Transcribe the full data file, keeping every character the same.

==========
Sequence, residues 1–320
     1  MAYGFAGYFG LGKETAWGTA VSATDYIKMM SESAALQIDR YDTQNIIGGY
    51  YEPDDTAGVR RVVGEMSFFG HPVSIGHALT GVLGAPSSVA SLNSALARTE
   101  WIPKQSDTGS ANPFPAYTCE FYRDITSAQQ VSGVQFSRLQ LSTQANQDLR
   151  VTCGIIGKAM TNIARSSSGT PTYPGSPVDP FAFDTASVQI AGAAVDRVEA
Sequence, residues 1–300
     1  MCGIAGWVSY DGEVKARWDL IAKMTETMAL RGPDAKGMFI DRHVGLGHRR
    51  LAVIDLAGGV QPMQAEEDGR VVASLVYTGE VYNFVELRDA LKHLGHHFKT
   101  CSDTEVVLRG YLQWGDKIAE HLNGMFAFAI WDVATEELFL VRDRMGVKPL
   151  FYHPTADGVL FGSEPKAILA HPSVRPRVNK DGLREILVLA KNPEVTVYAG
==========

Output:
Sequence, residues 1–320
     1  MAYGFAGYFG LGKETAWGTA VSATDYIKMM SESAALQIDR YDTQNIIGGY
    51  YEPDDTAGVR RVVGEMSFFG HPVSIGHALT GVLGAPSSVA SLNSALARTE
   101  WIPKQSDTGS ANPFPAYTCE FYRDITSAQQ VSGVQFSRLQ LSTQANQDLR
   151  VTCGIIGKAM TNIARSSSGT PTYPGSPVDP FAFDTASVQI AGAAVDRVEA
Sequence, residues 1–300
     1  MCGIAGWVSY DGEVKARWDL IAKMTETMAL RGPDAKGMFI DRHVGLGHRR
    51  LAVIDLAGGV QPMQAEEDGR VVASLVYTGE VYNFVELRDA LKHLGHHFKT
   101  CSDTEVVLRG YLQWGDKIAE HLNGMFAFAI WDVATEELFL VRDRMGVKPL
   151  FYHPTADGVL FGSEPKAILA HPSVRPRVNK DGLREILVLA KNPEVTVYAG